I am away at grad school, an all-encompassing adventure that I am halfway through with. I am pursuing a MFA through Goddard College and each semester we meet on the shores of Puget Sound at Port Townsend for a week-long residency of learning and sharing. These are intense days, packed with emotion and growth and we throw ourselves into the work of writing and friendship with vigor. Deep connections are made between people who often challenge our perceptions of ourselves and our “real” lives outside of school. Our lives are changed by both the work we do and the people we meet here. Many of us find that it is sometimes when we are apart from the distractions of our so-called real lives, that we become our real selves. We must change that.
This is a short piece I wrote and presented to my fellow students over wine at a late night creative gathering. It was inspired by several private conversations and my own thoughts about the relationships we form when social convention is stripped from us and we must be fully and completely ourselves.
Often, it is when we are clothed only in our barest, naked selves, that we fall most fully in love. With life. With ourselves. With someone, or someones. And we often struggle with what to do with it. This is my response.
10 Rules for Love on the Fly
10. When you know that all that needs to be said, must be said, because in a day or a week the object of your heart beats’ irregularity will be gone, be bold. There is no tomorrow.
9. You will feel like a twelve-year-old. You will be unable to peel your eyes away, your skin will tingle when you touch and you will ache when you are apart. Wallow in it. Stare into eyes. Hug often. Kiss long.
8. You will make those friends who are not part of your experience sick, they will laugh at you wondering if you have lost your mind. You have. And it is okay. Enjoy it.
7. Love for you. Do not worry about the repercussions, or what it means about you or your family or your life back home or your gender or your future. Indulge the self soft creature inside you. Don’t worry about your hair or your breath. Worry about not getting enough of those you love.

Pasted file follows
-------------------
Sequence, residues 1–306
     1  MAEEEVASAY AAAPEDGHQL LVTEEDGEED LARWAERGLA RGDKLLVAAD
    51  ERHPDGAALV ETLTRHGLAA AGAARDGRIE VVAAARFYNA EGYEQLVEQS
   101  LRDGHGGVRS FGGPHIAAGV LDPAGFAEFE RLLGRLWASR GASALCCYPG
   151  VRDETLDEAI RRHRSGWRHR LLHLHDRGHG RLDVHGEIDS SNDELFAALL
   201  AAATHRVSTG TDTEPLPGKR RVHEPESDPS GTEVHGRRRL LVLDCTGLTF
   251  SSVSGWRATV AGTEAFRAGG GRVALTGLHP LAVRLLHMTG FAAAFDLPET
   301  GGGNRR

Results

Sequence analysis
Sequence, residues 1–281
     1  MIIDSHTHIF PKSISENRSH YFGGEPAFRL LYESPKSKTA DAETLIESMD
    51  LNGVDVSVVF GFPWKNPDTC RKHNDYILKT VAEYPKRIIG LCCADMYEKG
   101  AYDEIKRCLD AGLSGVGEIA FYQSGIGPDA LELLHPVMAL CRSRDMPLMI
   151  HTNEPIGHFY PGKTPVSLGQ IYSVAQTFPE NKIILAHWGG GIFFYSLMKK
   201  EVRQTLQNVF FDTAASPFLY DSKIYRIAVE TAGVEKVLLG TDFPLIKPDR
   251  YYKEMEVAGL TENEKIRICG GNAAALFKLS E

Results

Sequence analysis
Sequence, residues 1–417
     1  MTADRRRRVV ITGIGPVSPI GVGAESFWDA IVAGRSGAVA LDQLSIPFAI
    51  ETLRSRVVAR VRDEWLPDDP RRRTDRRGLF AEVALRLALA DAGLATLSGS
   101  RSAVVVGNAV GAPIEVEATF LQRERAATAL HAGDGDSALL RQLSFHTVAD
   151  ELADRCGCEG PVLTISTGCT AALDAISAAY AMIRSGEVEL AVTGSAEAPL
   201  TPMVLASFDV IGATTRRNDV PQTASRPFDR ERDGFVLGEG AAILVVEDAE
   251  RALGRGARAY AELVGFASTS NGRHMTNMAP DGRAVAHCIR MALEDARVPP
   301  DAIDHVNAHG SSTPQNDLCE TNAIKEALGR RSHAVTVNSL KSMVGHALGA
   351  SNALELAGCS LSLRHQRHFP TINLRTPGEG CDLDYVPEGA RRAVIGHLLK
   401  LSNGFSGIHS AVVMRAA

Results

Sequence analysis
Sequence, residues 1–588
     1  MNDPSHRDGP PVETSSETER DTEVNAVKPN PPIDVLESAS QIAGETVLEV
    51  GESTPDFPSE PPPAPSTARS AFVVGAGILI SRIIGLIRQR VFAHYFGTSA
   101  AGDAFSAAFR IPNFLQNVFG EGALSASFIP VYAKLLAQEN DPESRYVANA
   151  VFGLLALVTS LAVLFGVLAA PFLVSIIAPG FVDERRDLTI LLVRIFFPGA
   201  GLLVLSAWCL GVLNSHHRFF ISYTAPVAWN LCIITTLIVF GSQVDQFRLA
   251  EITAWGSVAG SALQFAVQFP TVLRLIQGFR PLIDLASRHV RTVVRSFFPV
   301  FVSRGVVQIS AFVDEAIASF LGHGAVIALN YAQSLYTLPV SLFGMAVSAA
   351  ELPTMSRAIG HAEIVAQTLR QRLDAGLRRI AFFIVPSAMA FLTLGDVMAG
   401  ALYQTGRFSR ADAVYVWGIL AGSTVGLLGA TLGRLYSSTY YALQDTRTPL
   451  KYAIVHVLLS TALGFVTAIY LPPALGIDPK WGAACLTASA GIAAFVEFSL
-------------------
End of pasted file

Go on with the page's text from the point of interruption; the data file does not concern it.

6. Go Big. Your time is limited and the moment is now. The gift in this intensity is its urgency, this sense that it could all be gone in the morning. It could.
5. This very lack of time means that the deliberate is everything and nuance is wasted. Share your gifts. Be intentional.
4. Speak. Tell those you love that you do. That you can’t stand to be across the room from them because you can’t touch them or share a story immediately. Tell them they are beautiful. Smart. Funny. That they make your heart sing. Tell them this freely, not to get something back. Tell them because it is true. Tell them even though they may never says anything like it to you.
3. Risk. Risk everything. Be vulnerable. Be you. Take a chance. Stay open. Believe you are worthy.
2. Let go. Of expectation. Of a desired outcome. Of fear. Of the rules. Let go of your self limitations and when you think you have set yourself free, let go again.
1. Do this every day.
Love fiercely. Now. Love always like whoever is in front of you may be gone tomorrow. Live into this moment, always seeing it and the beloved in front you of you fresh.
Now, throw away these rules and make all of this life an exploration into love. Make it all a grand romantic adventure.
This was inspired by the men and women I have told I love at Goddard College, even after only knowing them for hours. Though this piece is neither indicative of the work I am producing as a student at Goddard College, or the type of writing Goddard teaches, the college’s unofficial mantra of “trust the process” made sharing it possible in its unedited 15 minutes of inspired writing, state.
Most especially, this is inspired by my sister-soul Shelly, who was involved in a serious car accident that could easily have claimed her life just before our residency.
(published in Seattle Center for Structural Medicine newsletter, Winter 2013)